“The start of the demonstration was in a valley. You came down a hill in this little valley. And I was there, commander in chief, really, on the day, dealing with the stuff. I was in charge of the big truck, and I was in charge of the mike. So I was settled in. I was there on time, and beautiful weather, not cold, just temperate, bright sun, and waves and waves and waves and waves and waves of black people coming down that hill. It was a Charge of the Light Brigade… And off we went: “Thirteen dead and nothing said.” That was the slogan. “Thirteen dead and nothing said.” So the whole organisation of the march was around the fact that we can’t get an explanation from anybody.” (Darcus Howe)

“In the wake of the New Cross Fire we took a decision very early in the first meeting that it was a massacre politically. We decided that the protest would be Black~led and we decided that we would mobilise the whole country from a central co~ordinating group. I can remember very vividly being part of the debate. It was clear that we didn’t want it to be part of a commission or whatever because those bodies are not political bodies. If we were to wage any struggle, it had to be a political struggle, purely based on the resources of the community. You don’t apply for grants to take political action!” (Trevor Sinclair)

The march had been planned carefully. The stewards, who wore identification berets, were briefed by Howe to show discipline and restraint in the face of police provocation, ‘otherwise the march would collapse into a mass violence and the point would not be made’. With the Collective acting as chief stewards, he knew that if anything went wrong ‘ we would be held responsible ’.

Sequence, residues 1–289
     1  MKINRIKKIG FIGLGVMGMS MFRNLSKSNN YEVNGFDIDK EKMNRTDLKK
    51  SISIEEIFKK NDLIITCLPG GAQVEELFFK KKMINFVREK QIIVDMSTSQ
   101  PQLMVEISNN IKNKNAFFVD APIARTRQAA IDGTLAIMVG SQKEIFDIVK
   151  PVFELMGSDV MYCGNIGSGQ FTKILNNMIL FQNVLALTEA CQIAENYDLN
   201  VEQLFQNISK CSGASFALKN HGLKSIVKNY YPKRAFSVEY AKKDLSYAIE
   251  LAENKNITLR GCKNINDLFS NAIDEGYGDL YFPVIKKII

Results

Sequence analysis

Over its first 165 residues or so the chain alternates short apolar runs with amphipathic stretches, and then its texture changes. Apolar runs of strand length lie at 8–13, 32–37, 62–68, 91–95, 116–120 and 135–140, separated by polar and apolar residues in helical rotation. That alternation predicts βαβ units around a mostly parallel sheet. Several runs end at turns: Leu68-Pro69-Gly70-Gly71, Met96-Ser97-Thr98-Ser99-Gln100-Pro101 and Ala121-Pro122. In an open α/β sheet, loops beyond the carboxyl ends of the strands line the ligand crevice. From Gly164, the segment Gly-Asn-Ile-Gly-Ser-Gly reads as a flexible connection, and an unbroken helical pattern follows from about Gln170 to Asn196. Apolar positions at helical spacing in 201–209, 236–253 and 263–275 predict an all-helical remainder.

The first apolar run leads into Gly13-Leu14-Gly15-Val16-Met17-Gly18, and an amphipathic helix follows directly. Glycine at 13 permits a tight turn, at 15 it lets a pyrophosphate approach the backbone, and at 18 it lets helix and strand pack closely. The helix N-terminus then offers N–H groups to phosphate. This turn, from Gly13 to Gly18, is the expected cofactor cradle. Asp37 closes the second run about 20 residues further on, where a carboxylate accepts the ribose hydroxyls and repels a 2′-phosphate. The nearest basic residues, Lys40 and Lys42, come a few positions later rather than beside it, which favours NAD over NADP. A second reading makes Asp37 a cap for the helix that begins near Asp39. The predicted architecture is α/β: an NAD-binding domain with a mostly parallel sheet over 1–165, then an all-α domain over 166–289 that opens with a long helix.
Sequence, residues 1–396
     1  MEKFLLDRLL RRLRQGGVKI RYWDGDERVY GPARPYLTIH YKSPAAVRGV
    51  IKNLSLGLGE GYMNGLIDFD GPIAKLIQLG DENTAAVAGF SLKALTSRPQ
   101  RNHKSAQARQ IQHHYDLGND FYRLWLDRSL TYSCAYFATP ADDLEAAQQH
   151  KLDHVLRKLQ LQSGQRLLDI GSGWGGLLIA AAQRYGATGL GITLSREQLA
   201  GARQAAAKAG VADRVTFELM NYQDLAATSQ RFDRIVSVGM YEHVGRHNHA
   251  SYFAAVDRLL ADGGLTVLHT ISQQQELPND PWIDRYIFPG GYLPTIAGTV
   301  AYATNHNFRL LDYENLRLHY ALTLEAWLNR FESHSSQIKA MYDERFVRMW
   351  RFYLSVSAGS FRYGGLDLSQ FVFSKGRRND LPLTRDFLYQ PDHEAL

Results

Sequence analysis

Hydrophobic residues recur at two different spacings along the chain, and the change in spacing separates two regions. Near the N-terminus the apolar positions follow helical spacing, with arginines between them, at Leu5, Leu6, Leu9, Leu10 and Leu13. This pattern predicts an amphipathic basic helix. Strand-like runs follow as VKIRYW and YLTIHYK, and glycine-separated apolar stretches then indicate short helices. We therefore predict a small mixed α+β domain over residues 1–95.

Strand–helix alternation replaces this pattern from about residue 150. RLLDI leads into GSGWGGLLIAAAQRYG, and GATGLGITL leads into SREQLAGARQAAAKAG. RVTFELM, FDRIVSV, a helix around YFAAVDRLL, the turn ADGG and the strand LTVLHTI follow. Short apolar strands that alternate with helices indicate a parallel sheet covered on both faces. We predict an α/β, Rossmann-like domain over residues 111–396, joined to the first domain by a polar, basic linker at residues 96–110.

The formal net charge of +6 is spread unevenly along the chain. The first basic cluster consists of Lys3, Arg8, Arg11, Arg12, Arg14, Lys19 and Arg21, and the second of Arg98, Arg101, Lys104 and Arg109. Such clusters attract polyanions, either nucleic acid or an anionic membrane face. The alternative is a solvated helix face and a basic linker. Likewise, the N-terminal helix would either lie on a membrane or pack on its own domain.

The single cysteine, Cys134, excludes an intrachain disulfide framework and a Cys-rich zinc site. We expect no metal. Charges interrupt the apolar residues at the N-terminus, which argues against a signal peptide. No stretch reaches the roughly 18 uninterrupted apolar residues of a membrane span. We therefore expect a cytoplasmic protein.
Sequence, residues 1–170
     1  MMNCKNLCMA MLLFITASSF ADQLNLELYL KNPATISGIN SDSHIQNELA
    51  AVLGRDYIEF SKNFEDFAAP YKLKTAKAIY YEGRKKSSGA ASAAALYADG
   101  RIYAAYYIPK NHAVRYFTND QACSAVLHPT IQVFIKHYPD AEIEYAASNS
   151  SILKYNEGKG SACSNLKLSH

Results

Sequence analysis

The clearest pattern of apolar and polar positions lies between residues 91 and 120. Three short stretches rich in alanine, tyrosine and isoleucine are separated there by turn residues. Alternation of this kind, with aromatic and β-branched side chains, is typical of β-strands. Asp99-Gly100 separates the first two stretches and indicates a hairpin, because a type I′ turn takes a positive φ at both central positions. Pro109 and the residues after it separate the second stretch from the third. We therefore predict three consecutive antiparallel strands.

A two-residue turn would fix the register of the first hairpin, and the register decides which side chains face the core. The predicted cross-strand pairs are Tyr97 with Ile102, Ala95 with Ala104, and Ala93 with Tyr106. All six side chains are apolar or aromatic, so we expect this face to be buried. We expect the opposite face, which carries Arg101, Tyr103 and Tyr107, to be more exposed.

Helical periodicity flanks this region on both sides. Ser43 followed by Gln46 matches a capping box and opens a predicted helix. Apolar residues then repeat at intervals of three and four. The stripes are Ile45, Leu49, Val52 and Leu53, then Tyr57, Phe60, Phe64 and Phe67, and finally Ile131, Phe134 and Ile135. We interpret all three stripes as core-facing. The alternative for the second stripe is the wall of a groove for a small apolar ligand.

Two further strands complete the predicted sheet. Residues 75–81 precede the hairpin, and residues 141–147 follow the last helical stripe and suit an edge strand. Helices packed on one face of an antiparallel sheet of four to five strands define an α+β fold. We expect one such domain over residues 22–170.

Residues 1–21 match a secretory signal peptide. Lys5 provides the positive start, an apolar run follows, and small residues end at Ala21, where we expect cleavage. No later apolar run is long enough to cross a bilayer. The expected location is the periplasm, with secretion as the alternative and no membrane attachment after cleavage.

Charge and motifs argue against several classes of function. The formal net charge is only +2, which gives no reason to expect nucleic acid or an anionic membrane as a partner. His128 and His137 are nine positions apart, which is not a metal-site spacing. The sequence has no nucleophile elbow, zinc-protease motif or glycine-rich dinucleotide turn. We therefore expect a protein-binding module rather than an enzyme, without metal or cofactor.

The police had said they wanted the march to start at 11.30 a.m. At 11 a.m., Howe called over to one of the officers and said ‘ Let ’ s go ’ in the hope it would upset any plans they might have to disrupt the march along the route. It was tactical flourishes like this which led Linton Kwesi Johnson to christen Howe with the nickname ‘ General ’. Tactics aside, Howe opines that the police were unprepared in a second sense. From studying James, from his experiences in the Caribbean and America, from travelling the country during the Lindo Campaign, from the Basement Sessions, and his run-ins with the police, Howe was prepared for the Day of Action. The event was unprecedented, but Howe’s years of experience organising campaigns and his theoretical understanding of the dynamics involved in mass protest meant that he was as prepared as anyone for the march. The police, by contrast, had no idea what they were dealing with. “They underestimated us. . . . They thought we were a load of little, stupid, black people.” The police were caught off guard by the scale of the march and the sophistication of the organisation. “There had never seen that size demonstration of black people before. So the police didn’t know culturally what to do”. (Howe).

As the march set off along New Cross Road, Howe could see that many thousands had missed school or work to protest. By the time that the front of the march arrived at the remains of 439 New Cross Road half a mile away and stopped to pay its respects to the 13 young lives lost in the inferno, the tail end of the march had not yet left the Fordham Park.